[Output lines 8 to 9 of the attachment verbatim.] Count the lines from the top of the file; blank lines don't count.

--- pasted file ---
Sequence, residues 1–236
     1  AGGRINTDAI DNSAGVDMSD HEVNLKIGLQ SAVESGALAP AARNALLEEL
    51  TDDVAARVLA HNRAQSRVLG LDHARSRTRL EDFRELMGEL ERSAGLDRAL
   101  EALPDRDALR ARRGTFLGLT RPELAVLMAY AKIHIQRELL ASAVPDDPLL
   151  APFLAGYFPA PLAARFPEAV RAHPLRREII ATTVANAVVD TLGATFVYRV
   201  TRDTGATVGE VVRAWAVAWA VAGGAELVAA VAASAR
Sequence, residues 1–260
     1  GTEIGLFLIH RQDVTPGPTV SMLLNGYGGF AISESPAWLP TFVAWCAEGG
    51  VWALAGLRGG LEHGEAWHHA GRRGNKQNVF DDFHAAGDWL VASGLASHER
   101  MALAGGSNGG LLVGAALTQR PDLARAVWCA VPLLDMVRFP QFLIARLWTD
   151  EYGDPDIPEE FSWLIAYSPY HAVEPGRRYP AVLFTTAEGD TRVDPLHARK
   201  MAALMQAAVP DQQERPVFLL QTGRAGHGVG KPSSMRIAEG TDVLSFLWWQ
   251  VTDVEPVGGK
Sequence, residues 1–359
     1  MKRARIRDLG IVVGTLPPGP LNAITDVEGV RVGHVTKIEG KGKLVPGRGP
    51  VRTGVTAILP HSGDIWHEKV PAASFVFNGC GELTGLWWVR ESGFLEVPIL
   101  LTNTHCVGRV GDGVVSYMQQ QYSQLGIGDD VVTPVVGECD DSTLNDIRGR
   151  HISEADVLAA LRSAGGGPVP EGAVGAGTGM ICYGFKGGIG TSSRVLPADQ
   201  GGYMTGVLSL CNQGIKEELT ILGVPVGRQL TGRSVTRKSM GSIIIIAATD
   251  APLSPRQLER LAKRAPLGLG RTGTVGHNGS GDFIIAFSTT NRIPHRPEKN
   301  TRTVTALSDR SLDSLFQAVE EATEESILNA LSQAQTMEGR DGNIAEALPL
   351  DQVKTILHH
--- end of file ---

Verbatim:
     1  GTEIGLFLIH RQDVTPGPTV SMLLNGYGGF AISESPAWLP TFVAWCAEGG
    51  VWALAGLRGG LEHGEAWHHA GRRGNKQNVF DDFHAAGDWL VASGLASHER